It was my high school librarian who suggested LoTR. They didn’t have the first installment, but figuring it was like the Narnia series, I just picked up the Two Towers and ran.

First impressions:

  • I had no idea what an Aragorn was. With no context, he was all slinky and secretive. I figured, if he was hanging out with an elf and a dwarf, he must be something as equally impressive. I imagined him like a nicer version of Gollum, a being with large eyes and green skin who could see long distances and had a remarkable way with people. Boy was I surprised when I figured out he was… well, just a guy.
  • Merry and Pippin are the whole show! I didn’t get to the Frodo and Sam stuff for a while, but I was really intrigued by the terrible twosome. They were funny, friendly, and boy could they eat and drink. To this day, I simply adore Pippin, moreso than is really warranted. But, you know what they say about first impressions.
  • Kickin’ the Rankin-Bass. Unfortunately, prior to reading the series, I’d seen both Rankin Bass films–the adapted Hobbit and its Return of the King follow up (cringe). It had been about eight years though, so as far as plot and theme were concerned, there were no big spoilers. What took me forever to get rid of however, were the huge, sparkly, luminous eyes and terrible songs. For all the care that Tolkien put into the poetry of the series, I imagine hearing that warbling bard was enough to send him to his grave again.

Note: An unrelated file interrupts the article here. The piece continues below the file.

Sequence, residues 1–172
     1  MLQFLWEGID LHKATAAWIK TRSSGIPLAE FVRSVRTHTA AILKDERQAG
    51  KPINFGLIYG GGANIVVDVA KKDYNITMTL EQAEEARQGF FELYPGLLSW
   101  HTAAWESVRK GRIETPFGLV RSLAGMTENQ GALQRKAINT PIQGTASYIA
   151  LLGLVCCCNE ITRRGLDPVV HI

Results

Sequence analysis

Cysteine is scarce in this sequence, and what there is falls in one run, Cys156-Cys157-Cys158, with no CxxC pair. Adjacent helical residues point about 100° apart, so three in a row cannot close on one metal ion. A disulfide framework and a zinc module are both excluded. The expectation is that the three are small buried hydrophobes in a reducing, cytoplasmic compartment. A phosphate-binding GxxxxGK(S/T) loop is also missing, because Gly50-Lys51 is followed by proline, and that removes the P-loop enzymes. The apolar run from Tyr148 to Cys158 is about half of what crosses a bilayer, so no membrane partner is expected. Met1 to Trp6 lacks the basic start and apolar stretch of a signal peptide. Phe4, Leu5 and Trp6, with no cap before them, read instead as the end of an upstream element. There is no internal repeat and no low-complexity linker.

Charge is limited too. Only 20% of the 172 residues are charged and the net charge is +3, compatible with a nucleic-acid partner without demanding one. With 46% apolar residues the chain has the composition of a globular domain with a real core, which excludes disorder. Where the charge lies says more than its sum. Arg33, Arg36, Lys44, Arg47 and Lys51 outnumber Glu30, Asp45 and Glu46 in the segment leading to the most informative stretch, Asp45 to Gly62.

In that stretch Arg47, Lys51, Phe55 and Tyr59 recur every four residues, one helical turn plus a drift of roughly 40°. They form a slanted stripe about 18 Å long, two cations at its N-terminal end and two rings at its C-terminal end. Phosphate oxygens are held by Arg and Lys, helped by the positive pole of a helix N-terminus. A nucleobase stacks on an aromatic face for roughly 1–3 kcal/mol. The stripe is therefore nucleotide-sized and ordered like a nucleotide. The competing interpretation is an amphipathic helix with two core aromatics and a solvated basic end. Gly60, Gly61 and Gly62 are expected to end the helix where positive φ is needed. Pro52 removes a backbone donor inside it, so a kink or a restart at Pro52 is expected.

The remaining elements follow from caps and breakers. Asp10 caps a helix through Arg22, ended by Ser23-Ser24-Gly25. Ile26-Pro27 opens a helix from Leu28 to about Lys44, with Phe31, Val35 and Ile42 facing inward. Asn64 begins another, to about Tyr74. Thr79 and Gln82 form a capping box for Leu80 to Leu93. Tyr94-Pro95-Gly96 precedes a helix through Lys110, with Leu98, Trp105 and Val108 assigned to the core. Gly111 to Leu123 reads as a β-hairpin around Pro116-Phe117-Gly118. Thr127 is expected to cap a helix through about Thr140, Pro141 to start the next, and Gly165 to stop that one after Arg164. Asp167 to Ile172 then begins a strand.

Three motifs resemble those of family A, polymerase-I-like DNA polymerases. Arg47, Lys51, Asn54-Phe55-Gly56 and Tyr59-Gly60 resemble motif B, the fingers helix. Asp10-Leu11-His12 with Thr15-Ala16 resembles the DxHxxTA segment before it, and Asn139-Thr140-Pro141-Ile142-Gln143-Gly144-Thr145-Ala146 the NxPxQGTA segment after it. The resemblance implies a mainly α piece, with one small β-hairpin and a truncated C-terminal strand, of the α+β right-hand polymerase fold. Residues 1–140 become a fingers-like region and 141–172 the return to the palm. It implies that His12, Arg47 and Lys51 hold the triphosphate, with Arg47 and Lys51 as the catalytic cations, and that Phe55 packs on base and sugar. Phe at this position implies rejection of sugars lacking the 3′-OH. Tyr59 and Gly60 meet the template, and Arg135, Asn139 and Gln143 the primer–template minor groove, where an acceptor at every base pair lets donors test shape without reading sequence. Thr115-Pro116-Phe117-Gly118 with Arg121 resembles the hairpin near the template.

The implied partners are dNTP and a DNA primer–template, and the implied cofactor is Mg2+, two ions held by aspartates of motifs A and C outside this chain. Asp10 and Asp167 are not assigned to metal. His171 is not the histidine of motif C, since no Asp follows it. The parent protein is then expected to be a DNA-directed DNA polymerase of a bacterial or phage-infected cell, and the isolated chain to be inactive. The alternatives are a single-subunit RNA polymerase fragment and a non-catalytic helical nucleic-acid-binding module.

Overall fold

It became an obsession for me very quickly, this hobbit series. It was all-encompassing. I had never read a book so voraciously before, nor had I ever loved characters as much. I remember reading RoTK, and one of the chapters describes Pippin being smooshed by a troll then “his eyes saw no more.” I of course, thought he was dead. I burst into tears. (Thankfully, being a fan of George R. R. Martin, I am now a little more hardened to this stuff).

Over the next few years, I absorbed everything Tolkien I could. I read all the books in the series, multiple times. I researched the genealogies. I joined a MUSH. Yes, I ultimately “met” the man I married five years later there, too (but that’s another post, I imagine). It makes sense. Michael was as in love with the hobbits and the Shire and Tolkien as I was. It’s really that. It’s love. It’s the highest sense of love you can have in the world… except it’s with a piece of art (I feel a Pygmalion reference coming).